The first fraud was transacted in a very strange way. A person with a German passport and a completely different signature to mine used my card details to spend about RO700. He actually presented his passport to the merchant.
One would suspect the merchant was in on the fraud. But why retain a copy of the fraudster’s passport? It was obviously not an online transaction, since I got no OTP number on my mobile to authorise the transaction.
If it was at the sale point transaction, then no PIN number was used because my PIN is not recorded anywhere other than my head. I got the usual SMS telling me the amount was debited from my card! I called the bank instantly and got the card blocked.
So basically you have a transaction done by:
A person whose passport shows a different name to that on the card
The signature used is also different
The amount spent is unusual for me
No PIN code was used
Yet, it passed.
No one bothered to check why the name on the card is different from his passport. The merchant asked and got authorisation from the bank. And until I protested, that transaction, with its mismatch name, was not considered unusual by the bank. It took the bank four months to refund me.
In the second successfully executed fraud, I also got an SMS message! My credit card statement indicates the name of the merchant. But the bank is still unable to comply with my demand to give me details of this transaction justifying debit of almost RO1,400 on my card! Effectively, PIN number, name on card, unusual amount, all stand for nothing when it comes to credit card security.
In both instances, I phoned the bank immediately asking it to block the card. That’s two successful frauds, same customer, same card issuer and same year. How many others I don’t know. But I am sure that in all cases of credit card fraud or even ATM card frauds, there’s one thing in common, all customer details are all over the card making it so easy for fraud to happen.
The security features of that chip on the card have been made redundant as far as fraud prevention is concerned because card issuers/banks have disclosed these details on the card. Brilliant security system, don’t you think?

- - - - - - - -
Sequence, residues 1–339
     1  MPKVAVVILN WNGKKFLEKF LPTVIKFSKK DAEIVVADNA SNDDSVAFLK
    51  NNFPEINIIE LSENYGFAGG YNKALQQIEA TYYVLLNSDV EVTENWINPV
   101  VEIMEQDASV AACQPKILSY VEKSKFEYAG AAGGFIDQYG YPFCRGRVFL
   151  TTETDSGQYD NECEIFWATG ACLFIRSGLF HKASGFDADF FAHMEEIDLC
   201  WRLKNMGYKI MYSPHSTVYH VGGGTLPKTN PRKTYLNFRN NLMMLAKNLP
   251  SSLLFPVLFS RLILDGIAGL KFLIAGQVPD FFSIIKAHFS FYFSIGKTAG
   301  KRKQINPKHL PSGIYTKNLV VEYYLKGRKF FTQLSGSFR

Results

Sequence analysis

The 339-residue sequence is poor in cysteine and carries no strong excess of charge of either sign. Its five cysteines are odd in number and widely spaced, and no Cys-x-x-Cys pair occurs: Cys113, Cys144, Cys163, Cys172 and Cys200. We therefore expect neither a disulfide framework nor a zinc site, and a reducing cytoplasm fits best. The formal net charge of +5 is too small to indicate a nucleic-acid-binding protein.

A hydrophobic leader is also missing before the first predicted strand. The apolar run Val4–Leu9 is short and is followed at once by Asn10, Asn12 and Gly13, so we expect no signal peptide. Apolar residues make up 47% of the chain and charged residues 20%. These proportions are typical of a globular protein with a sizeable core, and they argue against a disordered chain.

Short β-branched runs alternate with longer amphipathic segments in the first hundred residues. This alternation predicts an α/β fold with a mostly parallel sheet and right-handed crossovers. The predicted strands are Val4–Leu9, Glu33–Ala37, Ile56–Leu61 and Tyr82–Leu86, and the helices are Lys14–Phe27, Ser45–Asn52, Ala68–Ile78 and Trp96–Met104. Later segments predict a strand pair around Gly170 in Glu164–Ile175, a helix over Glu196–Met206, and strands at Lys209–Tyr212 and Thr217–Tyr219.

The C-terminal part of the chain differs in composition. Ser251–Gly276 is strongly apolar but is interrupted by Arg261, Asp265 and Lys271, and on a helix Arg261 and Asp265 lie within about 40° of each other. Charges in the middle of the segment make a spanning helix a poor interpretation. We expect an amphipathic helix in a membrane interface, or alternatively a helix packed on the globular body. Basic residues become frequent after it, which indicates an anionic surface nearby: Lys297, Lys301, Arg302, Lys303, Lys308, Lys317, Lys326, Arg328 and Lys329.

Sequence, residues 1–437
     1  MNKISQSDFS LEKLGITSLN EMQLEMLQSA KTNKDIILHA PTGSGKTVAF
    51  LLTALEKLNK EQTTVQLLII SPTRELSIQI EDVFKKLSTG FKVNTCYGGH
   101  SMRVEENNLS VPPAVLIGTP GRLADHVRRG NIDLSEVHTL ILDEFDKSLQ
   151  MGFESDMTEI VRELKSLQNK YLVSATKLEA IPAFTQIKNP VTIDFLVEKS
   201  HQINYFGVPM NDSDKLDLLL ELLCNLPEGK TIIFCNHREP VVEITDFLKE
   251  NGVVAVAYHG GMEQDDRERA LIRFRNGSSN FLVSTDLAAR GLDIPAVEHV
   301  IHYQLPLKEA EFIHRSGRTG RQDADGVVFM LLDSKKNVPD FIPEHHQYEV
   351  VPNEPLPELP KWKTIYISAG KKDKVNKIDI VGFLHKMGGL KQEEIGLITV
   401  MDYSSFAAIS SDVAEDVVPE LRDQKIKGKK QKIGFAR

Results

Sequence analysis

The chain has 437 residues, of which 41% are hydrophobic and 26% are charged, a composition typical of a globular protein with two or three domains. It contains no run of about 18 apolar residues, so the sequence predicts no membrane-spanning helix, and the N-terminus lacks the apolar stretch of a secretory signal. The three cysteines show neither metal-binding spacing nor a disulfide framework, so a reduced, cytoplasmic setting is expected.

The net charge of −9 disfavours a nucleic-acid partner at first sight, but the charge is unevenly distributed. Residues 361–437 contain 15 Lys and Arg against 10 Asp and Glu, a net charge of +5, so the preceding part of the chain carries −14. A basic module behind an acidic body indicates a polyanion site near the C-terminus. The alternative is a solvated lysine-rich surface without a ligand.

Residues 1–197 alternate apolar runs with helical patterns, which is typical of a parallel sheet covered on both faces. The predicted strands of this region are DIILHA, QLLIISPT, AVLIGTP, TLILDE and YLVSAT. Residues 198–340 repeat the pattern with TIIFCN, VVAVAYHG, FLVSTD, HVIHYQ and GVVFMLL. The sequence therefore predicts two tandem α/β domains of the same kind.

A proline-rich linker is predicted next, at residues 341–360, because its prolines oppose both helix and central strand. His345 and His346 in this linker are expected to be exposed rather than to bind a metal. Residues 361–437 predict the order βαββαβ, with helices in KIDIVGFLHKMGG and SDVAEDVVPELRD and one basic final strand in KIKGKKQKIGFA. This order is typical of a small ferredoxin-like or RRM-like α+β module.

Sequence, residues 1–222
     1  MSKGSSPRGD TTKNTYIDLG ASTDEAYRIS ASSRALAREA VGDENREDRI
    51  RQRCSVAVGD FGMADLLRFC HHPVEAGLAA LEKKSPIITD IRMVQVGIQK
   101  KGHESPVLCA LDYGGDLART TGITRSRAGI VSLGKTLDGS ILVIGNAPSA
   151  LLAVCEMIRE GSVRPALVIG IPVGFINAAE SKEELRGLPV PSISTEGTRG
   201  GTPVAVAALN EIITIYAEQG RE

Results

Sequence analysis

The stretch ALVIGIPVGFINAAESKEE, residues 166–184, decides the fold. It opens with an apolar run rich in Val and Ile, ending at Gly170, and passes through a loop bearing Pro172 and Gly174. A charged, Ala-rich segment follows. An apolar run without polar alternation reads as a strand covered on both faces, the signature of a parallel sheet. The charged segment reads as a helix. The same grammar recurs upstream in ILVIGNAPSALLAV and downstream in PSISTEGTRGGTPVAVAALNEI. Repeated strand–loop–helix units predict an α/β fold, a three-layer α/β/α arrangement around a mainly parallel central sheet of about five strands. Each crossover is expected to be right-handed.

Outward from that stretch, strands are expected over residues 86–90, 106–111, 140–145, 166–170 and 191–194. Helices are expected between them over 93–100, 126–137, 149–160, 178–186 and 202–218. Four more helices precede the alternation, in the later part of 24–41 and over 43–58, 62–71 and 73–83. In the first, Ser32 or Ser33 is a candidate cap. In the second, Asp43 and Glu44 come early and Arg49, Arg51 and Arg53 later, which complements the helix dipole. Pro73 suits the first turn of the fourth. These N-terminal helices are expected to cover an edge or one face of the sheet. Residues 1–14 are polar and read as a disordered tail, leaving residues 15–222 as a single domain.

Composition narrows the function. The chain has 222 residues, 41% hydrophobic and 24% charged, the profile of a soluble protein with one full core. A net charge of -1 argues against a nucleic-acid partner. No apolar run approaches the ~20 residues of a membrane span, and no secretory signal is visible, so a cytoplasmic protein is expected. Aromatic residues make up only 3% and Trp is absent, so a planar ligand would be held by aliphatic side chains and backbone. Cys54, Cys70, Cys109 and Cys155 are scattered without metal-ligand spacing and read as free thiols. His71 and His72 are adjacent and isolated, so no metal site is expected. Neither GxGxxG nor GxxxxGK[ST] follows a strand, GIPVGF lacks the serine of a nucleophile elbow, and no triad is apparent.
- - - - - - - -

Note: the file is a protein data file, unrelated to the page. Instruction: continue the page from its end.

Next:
Unless, we customers join up and demand that the era of embossing all these details is over and we want blank cards, banks and card issuers will not move. Customer identification is not a problem on the chip. In fact, I remember many years ago Standard Chartered even had a photo placed on the card, which aided the security.
Pay Pal, Apple Pay and similar reliable systems where the card details are not given all over the place is a good security system. But keeping the card completely blank, no name, or number, or date or CVV, is the strongest security level for now. And of course, your photo on the card would be a good addition.
Think about it. Get your bank to think about it too.
In the meantime, start by privately recording the card details and scratch them away from your card, like the CVV number, expiry date or any other detail that can be removed without destroying the card. Everything is hidden in the chip. You don’t need these details on the card, the merchant doesn’t need them either, only the person who will steal your card details needs them there. So, press your bank for a blank card.
I have been a banker for 20 years. In the olden days, security and customer service have always been our main concerns. We were always trying to be one step ahead of the bad guy! But today the good guys are, unfortunately, sleeping on the job! Banking has become a telephone business. Try talking to anyone on the so-called telephone banking, you feel nauseated by the time you finish. That’s modern banking.
There is a lot of work that needs to be done to turn these humungous glass buildings into banks once again, and hopefully where our hard-earned money is safe!